Before the first hour was up at the Shrine Auditorium in Los Angeles, the kudo ceremony outstripped the Oscars as an event that truly prized diversity. Too often, the SAG nods get knocked for not appreciating its character actors enough with its limitation on the TV supporting acting categories, but tonight the voting body, unlike AMPAS, didn’t fall short of being inclusive to its members.
Idris Elba — who was overlooked by the Academy of Motion Picture Arts and Sciences for his turn as a savage warlord in Netflix’s Beasts of No Nation — won best supporting actor for that feature as well as male actor in TV movie-miniseries for BBC America’s Luther. Jeffrey Tambor won his first SAG for playing a transgender father in Amazon’s Transparent, giving the TV vet his first trophy for male lead actor. For the second year in a row, Netflix’s Orange Is The New Black won best comedy series, and Uzo Aduba — aka Crazy Eyes on the show — made it back-to-back wins for comedy supporting. Queen Latifah won best female TV movie/miniseries actor for HBO’s Bessie. And Viola Davis won her fourth SAG Award, after collecting a lead film actress and an ensemble for The Help, and second consecutive for her lead role in the ABC drama How to Get Away With Murder.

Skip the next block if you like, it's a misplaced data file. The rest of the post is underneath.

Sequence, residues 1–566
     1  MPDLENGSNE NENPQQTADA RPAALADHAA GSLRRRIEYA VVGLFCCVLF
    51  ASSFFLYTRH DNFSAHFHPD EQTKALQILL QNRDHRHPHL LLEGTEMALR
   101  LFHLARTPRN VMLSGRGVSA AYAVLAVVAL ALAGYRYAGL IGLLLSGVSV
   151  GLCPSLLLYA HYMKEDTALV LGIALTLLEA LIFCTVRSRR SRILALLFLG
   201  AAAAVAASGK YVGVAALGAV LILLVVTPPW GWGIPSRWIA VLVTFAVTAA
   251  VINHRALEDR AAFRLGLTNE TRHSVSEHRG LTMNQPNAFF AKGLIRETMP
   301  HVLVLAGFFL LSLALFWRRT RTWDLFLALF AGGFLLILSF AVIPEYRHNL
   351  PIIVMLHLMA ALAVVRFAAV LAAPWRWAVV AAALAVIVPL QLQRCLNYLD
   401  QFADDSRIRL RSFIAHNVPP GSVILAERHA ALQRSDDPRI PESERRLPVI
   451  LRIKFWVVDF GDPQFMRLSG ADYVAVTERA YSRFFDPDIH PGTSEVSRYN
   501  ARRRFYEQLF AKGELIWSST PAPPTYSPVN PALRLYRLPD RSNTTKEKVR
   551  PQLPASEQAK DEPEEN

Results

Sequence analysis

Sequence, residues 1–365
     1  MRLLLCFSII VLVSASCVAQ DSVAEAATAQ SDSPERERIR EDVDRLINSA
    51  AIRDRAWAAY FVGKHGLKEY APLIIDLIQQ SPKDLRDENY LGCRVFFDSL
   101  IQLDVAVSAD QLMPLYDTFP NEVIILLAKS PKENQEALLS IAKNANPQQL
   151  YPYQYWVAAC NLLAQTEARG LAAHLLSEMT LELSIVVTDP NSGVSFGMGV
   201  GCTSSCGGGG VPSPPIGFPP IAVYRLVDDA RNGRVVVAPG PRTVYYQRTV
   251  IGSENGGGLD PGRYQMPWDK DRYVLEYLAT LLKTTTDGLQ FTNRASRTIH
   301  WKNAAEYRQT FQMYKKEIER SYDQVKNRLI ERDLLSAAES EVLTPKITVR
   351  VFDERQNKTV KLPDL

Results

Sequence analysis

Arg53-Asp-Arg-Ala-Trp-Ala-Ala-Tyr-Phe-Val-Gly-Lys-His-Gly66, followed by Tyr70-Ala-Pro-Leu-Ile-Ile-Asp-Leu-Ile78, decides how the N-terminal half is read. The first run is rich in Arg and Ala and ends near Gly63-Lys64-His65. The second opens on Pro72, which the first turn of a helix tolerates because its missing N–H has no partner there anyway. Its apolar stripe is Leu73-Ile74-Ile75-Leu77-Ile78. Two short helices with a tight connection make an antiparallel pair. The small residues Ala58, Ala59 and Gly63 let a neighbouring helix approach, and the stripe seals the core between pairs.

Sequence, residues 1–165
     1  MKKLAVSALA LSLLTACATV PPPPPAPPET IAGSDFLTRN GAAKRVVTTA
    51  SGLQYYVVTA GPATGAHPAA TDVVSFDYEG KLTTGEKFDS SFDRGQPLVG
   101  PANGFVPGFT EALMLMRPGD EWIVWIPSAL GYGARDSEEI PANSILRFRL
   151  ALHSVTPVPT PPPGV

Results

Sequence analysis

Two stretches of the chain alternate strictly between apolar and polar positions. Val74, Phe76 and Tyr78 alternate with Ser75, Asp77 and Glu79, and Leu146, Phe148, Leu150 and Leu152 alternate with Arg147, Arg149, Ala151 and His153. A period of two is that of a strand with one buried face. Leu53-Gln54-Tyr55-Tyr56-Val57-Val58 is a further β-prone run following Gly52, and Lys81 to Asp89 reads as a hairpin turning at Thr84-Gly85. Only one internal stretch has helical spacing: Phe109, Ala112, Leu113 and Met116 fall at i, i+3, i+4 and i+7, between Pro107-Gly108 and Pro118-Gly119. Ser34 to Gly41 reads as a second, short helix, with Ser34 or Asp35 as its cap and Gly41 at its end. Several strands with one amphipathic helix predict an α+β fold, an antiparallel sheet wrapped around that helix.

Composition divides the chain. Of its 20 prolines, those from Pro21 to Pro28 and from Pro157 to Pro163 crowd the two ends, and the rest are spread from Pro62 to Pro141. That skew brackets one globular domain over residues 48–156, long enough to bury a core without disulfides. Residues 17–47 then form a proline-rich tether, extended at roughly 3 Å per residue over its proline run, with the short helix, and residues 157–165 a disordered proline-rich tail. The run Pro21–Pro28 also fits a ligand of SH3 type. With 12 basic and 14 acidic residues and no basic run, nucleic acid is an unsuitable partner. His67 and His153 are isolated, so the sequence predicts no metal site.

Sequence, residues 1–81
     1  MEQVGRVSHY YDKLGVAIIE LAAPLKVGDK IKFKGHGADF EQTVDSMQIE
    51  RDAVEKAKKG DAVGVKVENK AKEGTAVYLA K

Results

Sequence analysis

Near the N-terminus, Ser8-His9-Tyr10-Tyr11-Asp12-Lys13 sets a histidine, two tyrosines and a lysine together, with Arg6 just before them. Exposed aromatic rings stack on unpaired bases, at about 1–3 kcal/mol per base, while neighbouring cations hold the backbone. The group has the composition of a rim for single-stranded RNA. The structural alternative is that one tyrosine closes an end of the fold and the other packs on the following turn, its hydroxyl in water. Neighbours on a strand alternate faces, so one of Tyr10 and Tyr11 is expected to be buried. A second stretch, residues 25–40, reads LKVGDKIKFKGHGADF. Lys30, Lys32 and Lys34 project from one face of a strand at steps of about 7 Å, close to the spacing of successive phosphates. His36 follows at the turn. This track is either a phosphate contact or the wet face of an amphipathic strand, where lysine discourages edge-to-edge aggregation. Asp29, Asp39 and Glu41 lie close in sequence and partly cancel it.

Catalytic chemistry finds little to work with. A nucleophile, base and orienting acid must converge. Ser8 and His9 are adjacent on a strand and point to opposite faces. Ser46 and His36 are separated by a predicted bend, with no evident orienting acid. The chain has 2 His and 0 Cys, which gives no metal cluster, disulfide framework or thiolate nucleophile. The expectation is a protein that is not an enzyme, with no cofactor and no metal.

SAG Awards: 'Spotlight', DiCaprio, Larson Take Top Film Honors; 'Downton' & Netflix Lead TV - Winners List
“Ladies and gentlemen, welcome to diverse TV,” Elba said on stage. Added Orange‘s Laura Prepon in accepting the show’s best ensemble trophy, “This is what we talk about when we talk about diversity.”
When winners when asked backstage to comment on the disparity between the AMPAS and SAG voting body, they just let go.
Orange‘s Selenis Leyva (Glora Mendoza) said: “The problem starts before the Academy Awards. It’s in the studios and the casting people. They need to open their eyes. This is a different world we’re living in. Diversity is universal, and it’s more than we’re focusing on. It’s religion, its sexuality. It doesn’t start at the Academy Awards, it starts before that!”
Tambor told the press backstage that Hollywood is already delivering inclusive stories. “People aren’t paying attention to streaming,” he said. “The stories are being told and the entertainment is being reformed and the way characterization is being done. The whole thing is changing.”
Lifetime Achievement honoree Carol Burnett spoke about how the glass ceiling with female comedians has broken. “The change (in comedy) is that there’s more women. Amy (Poehler) and Tina Fey are running their own shows; it’s a beautiful way that things have changed. Women in comedy are much more respected now. … In TV, women are now allowed to go into the movies. We use to be pigeonholed.”
The Orange Is The New Black cast conversed that the reason why diversity was portrayed more on TV versus film, was due to the medium’s accessibility. “You’re a single mom, and you can’t make it to the movies and being a mom is a lonely job” said actress Kate Mulgrew. “TV … can heal us,
Lea Delaria from Orange beamed: “It’s exciting that we’re having this conversation — it’s a win for the good guys. We wouldn’t be having this conversation five years ago.”
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